Breathe Easy

Medication management ideas, workout tips, and helpful safety advice designed to make living with asthma a little easier.

Don’t Let Asthma Stop You from Working Out

Expert advice to keep you active

older woman going up the stairs

Think exercise and asthma—a respiratory condition that causes shortness of breath, wheezing, and coughing—are on opposing teams? It’s time to dust off that outdated idea and get moving, the right way.

“It’s true that many, if not most, people with asthma experience some coughing or chest tightening when they exercise, but regular physical exercise is important for overall health,” says Albert A. Rizzo, M.D., a senior medical advisor to the American Lung Association and chief of pulmonary care at Christiana Care Health System in Delaware. In fact, research shows that a regular walking regimen may help improve symptoms and general fitness levels in adults with asthma.

The trick is to find exercises and activities that you enjoy, and take preventive steps to keep your asthma symptoms in check. Here’s the game plan:

Look for moderate-intensity activities. Most people with asthma do best participating in activities when their breathing rate and heart rate are less sustained, says Dr. Rizzo. Consider stop-and-start sports, like baseball, softball, golf, volleyball, or martial arts. Tennis and other racket sports are also good because of the frequent rest intervals. Yoga is another recommended activity, with a big bonus in that many poses involve breathing exercises and breath control.

Warm up properly. Taking at least 10 minutes to ease into a workout will give your airways a chance to prepare for what’s to come. Start with an easy-paced walk, jog, cycle, or swim. Continue that gentle pace for five minutes and gradually increase your speed over the course of the next five minutes. Before you start exercising, try some of the breathing exercises that your doctor recommends.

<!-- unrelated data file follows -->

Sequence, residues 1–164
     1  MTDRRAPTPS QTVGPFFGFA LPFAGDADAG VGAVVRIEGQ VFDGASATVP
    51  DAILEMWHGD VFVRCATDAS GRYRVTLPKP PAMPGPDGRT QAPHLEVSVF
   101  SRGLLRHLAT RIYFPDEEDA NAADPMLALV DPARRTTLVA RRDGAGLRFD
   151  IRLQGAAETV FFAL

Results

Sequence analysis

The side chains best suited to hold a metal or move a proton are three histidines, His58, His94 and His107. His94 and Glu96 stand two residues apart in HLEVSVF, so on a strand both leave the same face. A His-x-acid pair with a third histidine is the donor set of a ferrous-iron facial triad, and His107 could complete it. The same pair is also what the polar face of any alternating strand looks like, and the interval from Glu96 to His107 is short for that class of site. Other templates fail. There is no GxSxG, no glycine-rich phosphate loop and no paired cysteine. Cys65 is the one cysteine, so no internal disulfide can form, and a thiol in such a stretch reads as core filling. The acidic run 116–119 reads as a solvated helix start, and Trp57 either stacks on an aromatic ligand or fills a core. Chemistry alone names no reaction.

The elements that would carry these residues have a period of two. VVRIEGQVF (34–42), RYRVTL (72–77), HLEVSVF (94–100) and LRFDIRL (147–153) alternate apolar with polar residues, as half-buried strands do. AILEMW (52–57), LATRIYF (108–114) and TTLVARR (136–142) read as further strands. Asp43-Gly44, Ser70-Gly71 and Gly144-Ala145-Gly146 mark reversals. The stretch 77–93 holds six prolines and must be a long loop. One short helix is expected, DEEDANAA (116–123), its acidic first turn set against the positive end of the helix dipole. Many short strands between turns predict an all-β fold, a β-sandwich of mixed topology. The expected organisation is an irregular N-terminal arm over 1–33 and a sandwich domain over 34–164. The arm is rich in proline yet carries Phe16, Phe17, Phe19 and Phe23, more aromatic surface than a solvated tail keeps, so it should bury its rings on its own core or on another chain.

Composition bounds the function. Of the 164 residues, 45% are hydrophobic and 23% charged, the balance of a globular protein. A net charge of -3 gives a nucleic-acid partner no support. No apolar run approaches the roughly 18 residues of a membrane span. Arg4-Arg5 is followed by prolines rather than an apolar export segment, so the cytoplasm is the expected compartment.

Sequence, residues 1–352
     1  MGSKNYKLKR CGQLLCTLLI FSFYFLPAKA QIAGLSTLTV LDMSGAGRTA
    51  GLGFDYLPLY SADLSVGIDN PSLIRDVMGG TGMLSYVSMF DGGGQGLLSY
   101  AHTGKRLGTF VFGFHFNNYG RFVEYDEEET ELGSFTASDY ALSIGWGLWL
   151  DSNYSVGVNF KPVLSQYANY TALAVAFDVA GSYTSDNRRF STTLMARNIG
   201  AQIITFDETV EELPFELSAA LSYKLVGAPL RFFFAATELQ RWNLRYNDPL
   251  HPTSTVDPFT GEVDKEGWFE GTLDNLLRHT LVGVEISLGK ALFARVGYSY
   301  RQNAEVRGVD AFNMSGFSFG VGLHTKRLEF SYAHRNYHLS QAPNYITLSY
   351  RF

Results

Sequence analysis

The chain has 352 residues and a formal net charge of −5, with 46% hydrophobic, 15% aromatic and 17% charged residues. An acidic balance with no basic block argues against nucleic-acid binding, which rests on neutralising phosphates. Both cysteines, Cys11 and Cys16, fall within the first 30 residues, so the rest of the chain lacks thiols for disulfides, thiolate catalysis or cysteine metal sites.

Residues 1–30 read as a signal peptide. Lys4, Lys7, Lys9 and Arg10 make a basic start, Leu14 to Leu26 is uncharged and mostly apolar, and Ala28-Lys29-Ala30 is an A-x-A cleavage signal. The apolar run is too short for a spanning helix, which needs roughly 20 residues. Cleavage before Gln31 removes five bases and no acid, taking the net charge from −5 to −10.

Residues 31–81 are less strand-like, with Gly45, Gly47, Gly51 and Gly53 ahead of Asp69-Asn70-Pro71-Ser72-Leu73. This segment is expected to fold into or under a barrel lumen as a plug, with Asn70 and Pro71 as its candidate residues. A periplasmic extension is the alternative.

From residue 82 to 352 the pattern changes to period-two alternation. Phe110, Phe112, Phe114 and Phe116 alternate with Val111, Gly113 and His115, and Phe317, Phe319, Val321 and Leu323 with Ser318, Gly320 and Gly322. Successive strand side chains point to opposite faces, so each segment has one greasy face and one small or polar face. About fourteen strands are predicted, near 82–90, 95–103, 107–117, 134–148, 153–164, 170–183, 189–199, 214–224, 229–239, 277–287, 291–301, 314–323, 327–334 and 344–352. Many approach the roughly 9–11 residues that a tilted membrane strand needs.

Take preventive measures. Before starting any new sport or activity, check in with your doctor and ask what specific steps he or she wants you take ahead of time. Dr. Rizzo recommends using a quick-relief inhaler 20 to 30 minutes prior to exercising to avoid asthma symptoms.

Know your triggers. Yes, exercising in and of itself can bring on asthma flare-ups, but you should also take into account other factors that have triggered an attack in the past. If excessive heat or pollen are your foes, explore indoor workouts, and time your outdoor workouts accordingly. Cold air an issue? Downhill skiing is going to be better than cross-country skiing, since you can take regular breaks. And if you enjoy swimming, remember that the pool chemicals can exacerbate symptoms. Outdoor pools and open water are generally better for those with asthma.

Have a just-in-case plan. If you start to experience a flare-up, Dr. Rizzo says to follow the protocol outlined by your doctor. Generally speaking, that means using your rescue medication and resting. Repeat the medication in 15 minutes, if necessary, and seek medical attention if symptoms aren’t getting better. “Take it easy for the next couple of days and you should be back to your baseline,” he says.